Recent research by Van Ittersum and Wansink17 illustrates that the Delboeuf illusion influences serving behavior as the diameter of dishware increases and when there is a color contrast between food and dishware. Big bowls (larger diameter) lead people to serve more food and small bowls (smaller diameter) lead people to serve less food. People also serve themselves more food when food and plates had similar coloring (low contrast). Conversely, people serve themselves less food when food and plates were different colors (high contrast).

The current study extends previous research on how the Delboeuf illusion applies to food on a plate. As the rim of a round plate can be conceptualized as an outer circle surrounding food, we hypothesized that the Delboeuf illusion would apply to plate rims surrounding food on a plate. We describe two experiments in which we manipulated images of plate rim designs and food portions on plates. Our goal was to determine the effect of rim width and color on the perception of portion size. To do this, we quantified perceived food portion size for each rim design used in the study. Experiment 1 examines the effect of rim width on perceived food portion size. Experiment 2 examines the effect of rim coloring on perceived food portion size. Prior work suggests that the Delboeuf illusion is strongest when the outer circle is only slightly larger and/or the color is more greatly contrasted with the inner circle.20, 21, 22, 23 Therefore, in Experiment 1 we hypothesized that wider rims (and thus the closer the inner edge of the rim surrounds the food) would cause food to appear larger on the same-sized plate (Hypothesis 1). In Experiment 2, we hypothesized that colored rims (highlighting the rim to create contrast) would cause food to appear larger than uncolored rims (Hypothesis 2). Results could help inform a superior plate design to influence perceived portion size.

Materials and Methods

Participants

We recruited adult participants (aged 18 years or older) via Amazon’s Mechanical Turk (AMT), an online labor market that allows researchers to run experiments in similar formats to computer simulations. AMT has proven to be a reliable tool to conduct behavioral experiments quickly, with valid data.29 Workers in AMT tend to be more representative of the US population as a whole and exhibit behaviors and biases more similar than participants recruited from traditional university subject pools.30 On AMT, we posted a task that required participants to complete an experiment in exchange for $0.50. The task was only visible to participants who were in the United States and were considered to be good workers, defined as having greater than 95% of their past AMT surveys approved as acceptable for data use by other surveyors.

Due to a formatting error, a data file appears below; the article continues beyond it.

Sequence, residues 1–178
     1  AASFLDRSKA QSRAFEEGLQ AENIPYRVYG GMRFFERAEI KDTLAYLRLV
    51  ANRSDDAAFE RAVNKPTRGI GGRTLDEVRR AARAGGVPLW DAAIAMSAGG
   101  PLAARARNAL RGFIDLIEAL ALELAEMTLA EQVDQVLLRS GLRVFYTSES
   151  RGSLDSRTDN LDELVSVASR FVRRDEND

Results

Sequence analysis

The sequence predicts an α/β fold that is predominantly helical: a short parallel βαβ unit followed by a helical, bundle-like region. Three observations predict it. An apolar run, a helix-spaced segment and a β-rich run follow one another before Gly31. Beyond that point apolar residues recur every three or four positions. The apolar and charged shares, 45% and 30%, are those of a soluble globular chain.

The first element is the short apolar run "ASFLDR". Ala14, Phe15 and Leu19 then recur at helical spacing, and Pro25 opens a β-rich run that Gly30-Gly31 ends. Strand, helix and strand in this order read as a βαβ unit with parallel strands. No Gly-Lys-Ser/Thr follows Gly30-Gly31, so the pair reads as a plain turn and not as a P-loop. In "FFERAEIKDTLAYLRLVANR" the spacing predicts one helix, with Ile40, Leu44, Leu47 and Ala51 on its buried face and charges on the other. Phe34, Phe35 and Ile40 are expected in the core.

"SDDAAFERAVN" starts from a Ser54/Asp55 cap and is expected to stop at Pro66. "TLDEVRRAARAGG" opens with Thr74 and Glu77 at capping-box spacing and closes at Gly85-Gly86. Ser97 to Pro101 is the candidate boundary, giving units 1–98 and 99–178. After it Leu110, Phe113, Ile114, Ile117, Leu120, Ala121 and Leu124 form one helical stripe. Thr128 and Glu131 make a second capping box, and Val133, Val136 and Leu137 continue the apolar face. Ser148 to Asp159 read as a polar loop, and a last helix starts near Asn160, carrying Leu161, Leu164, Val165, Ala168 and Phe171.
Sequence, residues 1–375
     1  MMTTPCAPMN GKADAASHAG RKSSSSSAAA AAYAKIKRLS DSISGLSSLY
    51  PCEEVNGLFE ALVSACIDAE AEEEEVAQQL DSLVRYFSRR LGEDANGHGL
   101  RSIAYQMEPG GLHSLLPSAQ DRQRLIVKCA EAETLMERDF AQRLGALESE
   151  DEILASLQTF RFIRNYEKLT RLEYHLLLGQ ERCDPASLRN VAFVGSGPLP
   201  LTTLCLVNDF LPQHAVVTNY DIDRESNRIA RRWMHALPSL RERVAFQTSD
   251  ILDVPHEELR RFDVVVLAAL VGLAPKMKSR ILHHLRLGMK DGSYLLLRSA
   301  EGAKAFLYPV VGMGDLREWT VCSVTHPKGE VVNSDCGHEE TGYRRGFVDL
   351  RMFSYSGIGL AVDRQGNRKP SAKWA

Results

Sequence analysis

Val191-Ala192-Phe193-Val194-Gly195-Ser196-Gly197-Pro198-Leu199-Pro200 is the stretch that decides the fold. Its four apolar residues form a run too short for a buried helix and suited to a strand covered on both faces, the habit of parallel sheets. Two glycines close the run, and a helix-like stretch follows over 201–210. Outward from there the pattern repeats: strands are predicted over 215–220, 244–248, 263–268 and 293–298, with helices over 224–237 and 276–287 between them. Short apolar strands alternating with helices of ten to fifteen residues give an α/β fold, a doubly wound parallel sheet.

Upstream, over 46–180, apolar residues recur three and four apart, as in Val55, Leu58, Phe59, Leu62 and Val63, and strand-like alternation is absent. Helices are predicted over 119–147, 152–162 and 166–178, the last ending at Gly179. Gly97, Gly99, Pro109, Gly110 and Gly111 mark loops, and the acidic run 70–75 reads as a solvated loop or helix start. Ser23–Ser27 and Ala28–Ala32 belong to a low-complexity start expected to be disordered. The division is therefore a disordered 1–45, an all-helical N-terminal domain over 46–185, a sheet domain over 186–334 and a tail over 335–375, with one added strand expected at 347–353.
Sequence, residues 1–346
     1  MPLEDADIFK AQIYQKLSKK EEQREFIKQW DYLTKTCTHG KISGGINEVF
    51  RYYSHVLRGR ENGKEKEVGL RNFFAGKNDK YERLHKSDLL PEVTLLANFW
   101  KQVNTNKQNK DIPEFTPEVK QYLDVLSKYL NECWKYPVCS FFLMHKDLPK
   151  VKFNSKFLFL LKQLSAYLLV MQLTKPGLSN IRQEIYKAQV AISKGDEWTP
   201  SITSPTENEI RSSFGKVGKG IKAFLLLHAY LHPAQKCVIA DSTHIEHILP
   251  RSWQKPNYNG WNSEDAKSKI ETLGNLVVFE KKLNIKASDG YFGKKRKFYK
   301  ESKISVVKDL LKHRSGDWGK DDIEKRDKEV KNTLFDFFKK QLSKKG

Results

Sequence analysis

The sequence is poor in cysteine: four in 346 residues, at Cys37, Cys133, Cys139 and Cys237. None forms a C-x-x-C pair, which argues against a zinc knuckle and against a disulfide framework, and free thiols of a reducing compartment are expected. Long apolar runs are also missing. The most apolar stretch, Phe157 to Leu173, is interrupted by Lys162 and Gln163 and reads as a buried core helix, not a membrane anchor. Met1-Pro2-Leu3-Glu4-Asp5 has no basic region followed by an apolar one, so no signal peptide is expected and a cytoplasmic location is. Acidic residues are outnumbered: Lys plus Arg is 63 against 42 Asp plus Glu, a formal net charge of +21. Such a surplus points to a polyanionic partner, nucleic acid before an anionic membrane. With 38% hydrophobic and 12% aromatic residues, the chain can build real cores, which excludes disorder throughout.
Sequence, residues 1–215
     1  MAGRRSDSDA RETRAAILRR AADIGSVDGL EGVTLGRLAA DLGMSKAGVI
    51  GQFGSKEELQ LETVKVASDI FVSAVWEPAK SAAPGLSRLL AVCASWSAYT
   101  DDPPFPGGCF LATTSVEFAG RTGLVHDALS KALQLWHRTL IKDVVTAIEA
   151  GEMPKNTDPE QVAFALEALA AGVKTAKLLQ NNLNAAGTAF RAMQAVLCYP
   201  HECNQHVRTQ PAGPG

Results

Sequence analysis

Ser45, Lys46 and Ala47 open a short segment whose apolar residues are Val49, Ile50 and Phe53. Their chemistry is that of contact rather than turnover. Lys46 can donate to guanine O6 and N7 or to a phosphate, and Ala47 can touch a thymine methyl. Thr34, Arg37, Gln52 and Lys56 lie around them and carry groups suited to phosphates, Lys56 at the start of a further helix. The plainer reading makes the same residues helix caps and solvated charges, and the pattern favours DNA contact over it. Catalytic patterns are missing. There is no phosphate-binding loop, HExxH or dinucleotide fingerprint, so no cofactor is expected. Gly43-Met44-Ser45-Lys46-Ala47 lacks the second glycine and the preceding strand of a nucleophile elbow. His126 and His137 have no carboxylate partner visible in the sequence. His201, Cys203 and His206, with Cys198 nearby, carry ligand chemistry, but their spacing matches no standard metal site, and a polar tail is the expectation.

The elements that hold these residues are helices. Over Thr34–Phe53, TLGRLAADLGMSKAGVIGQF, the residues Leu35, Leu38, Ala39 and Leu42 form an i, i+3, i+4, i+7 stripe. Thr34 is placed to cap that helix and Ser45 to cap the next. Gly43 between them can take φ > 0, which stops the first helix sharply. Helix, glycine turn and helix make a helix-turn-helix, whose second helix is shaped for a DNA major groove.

Research design

Both experiments used a within-subject experimental design. In each experiment, participants observed multiple side-by-side photographic images of two plates of identical size (total diameter 600 pixels). In both experiments, we included test stimuli with seven food portion sizes (images were sized to 170, 175, 180, 185, 190, 195 and 200 pixels in diameter) on plates with varying rim characteristics in a random order to quantify perceived food size for each rim design used in the study. Every rim characteristic and food size combination were then compared with a standard stimulus (that is, a referent plate), defined as an image with a 185-pixel-food portion size on a plate and a rim width-to-plate radius ratio of 1/3 with no rim coloring (Figure 2). Varying food portion sizes in addition to plate design characteristics is instrumental to quantifying the effects of rim size and coloring on perceived portion using a psychophysical response curve (described below). The test stimuli showing varying food portion sizes and rim characteristics were presented randomly to the left or right of the standard stimulus and the trials were displayed in random order. From each pair, participants were asked to select the plate that contained more food. Food type (macaroni and cheese or fruit salad) was the same in both images within each trial but varied from trial-to-trial and subject-to-subject.

Figure 2
figure2

Examples of pictures used as stimuli. (a) Standard stimulus (that is, food size of 185 pixels on a plate with a 1/3 rim width-to-plate radius proportion) is on right; rimless plate with same food size is on left and (b) standard stimulus is on left; same rim size with smaller food size is on right.

Experiment 1 consisted of 42 trials (seven depicted food portion sizes × six rim widths; no rim, and 1/8, 1/4, 1/3, 3/8 and 1/2 rim width-to-plate radius proportions). Rim widths were chosen by methodically increasing the rim width-to-plate radius proportion of a plate with no rim until the rim width-to-plate radius proportion was half the size of the plate and no longer judged realistic in a real world setting.